If they would have only let her use the available non-revolving door – but, no, a Georgia managed health care provider (of all people) allegedly refused this accommodation to an employee with a disability which made it traumatic for her to enter revolving doors.  You would think that a health care provider would know better – and be more sensitive.

Why the recalcitrance when it would have been so simple and easy?

I don’t know.

I suppose that the EEOC will find out as it pursues the lawsuit that it just filed under the Americans With Disabilities Act (“ADA”) .

As with most such cases, it is usually cheaper to accommodate a disability or a religious request than it is to litigate. So why do some employers insist upon rigid policies and refuse to entertain reasonable accommodations – which is, after all, the law.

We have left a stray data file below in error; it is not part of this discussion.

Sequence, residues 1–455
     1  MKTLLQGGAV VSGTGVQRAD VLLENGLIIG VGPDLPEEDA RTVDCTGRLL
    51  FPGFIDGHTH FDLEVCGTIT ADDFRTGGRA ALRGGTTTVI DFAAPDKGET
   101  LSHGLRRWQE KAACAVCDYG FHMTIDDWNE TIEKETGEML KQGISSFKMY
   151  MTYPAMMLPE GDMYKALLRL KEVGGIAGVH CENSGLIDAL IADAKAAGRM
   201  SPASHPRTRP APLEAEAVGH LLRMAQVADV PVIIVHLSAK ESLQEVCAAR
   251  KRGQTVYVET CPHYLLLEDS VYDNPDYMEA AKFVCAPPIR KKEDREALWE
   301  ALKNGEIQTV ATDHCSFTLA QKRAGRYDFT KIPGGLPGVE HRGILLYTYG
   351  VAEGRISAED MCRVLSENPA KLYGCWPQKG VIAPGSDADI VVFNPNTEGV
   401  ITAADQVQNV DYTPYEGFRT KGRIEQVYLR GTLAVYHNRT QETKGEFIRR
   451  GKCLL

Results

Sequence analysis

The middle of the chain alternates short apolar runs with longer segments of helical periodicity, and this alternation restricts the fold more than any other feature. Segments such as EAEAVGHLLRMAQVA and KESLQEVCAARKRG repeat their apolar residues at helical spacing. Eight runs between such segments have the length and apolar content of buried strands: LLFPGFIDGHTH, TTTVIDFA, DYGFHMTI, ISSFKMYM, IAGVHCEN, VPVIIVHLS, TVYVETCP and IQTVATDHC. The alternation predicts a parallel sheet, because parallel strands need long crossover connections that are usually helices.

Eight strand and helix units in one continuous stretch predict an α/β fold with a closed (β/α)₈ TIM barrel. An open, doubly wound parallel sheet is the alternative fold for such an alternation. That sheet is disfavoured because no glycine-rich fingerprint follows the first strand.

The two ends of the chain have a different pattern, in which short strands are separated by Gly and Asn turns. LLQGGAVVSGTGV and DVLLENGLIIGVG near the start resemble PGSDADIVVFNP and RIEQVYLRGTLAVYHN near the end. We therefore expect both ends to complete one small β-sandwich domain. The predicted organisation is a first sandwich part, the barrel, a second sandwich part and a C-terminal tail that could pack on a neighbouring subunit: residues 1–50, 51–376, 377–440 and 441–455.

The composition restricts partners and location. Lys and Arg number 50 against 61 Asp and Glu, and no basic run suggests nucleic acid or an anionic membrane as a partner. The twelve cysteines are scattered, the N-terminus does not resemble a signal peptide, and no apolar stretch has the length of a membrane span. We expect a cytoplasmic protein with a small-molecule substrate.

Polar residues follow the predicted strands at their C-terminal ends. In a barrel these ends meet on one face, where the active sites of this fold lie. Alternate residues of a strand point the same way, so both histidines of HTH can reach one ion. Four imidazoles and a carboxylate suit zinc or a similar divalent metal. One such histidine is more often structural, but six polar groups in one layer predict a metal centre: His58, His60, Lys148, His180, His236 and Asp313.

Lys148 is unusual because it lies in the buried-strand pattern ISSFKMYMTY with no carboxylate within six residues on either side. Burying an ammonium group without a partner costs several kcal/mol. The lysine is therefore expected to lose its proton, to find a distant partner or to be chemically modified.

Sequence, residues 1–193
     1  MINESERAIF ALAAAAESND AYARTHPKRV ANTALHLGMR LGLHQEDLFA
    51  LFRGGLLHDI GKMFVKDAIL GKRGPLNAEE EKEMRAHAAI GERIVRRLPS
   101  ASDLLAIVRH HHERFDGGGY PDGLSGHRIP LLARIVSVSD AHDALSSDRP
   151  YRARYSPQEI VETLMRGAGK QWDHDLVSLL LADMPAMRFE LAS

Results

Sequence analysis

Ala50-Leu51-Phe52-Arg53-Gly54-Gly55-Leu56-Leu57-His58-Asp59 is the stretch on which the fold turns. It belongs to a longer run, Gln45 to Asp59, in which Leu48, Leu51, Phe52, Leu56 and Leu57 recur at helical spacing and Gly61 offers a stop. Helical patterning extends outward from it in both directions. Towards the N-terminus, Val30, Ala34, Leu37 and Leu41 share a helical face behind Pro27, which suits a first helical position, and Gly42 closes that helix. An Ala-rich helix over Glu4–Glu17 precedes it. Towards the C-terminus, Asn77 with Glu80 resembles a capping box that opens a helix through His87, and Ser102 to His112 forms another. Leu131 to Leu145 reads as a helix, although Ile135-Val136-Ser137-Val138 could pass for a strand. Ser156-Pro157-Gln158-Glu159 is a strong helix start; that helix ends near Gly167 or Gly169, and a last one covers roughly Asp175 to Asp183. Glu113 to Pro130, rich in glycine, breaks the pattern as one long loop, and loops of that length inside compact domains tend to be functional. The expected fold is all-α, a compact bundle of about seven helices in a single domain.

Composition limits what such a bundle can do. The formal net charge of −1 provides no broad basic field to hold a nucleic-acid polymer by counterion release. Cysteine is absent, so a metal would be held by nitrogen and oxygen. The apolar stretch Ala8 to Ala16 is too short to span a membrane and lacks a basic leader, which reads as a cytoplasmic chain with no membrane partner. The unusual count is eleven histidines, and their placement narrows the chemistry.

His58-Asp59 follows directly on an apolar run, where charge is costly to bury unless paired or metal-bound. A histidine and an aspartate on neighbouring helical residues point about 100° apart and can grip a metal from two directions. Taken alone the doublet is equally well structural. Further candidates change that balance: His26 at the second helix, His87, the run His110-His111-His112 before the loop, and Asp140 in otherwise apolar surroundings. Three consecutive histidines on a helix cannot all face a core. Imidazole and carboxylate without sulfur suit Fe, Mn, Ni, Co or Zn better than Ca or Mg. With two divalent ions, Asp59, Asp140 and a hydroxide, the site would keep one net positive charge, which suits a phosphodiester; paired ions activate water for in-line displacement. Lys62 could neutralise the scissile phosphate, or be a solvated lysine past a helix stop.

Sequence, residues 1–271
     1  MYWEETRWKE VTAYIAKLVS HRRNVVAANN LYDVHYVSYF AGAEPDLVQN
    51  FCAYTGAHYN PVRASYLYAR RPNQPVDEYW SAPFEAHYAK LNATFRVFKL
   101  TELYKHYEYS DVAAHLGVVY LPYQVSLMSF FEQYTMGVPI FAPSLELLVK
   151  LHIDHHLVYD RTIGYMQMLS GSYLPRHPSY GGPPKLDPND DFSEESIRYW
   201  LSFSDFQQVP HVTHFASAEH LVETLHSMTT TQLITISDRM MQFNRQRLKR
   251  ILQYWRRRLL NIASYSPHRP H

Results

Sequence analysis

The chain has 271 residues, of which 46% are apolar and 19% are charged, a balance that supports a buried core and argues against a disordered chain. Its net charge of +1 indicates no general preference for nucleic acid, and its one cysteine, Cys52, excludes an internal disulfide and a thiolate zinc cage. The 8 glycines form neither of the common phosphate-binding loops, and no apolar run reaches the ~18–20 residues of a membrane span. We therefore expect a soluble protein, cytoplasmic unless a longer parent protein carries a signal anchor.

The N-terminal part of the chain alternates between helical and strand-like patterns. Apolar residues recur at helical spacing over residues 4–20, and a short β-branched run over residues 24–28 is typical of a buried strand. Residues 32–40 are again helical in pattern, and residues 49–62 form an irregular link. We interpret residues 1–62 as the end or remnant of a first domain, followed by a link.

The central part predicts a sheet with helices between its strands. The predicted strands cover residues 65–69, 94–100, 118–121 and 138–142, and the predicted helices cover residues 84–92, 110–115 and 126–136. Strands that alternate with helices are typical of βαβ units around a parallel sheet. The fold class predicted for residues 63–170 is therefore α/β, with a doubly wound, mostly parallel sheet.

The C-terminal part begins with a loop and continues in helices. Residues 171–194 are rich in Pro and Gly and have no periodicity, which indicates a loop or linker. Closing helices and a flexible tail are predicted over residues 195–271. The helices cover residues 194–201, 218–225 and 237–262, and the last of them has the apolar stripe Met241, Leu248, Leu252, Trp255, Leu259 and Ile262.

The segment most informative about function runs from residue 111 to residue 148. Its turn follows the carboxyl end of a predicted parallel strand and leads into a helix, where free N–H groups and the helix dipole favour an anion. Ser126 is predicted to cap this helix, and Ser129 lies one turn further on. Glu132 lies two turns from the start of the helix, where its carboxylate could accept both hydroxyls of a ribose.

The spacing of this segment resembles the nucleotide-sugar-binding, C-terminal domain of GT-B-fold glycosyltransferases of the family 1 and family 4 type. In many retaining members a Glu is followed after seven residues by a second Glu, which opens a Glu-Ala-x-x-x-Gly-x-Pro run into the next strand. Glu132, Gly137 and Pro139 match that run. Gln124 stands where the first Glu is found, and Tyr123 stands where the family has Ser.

My guess is that the company will likely settle before we ever know, because (as in most of these types of cases) how does it look for a health care provider to discriminate against someone because of a disability?

An EEOC attorney correctly noted that the company “refused to allow [plaintiff] the simple accommodation of using a non-revolving door to access her workplace instead of a revolving door. The company could have saved everyone a great deal of distress, time and trouble had it made this minimal accommodation.”

Yep, the company had the key to this particular door – but for reasons unknown refused to use it.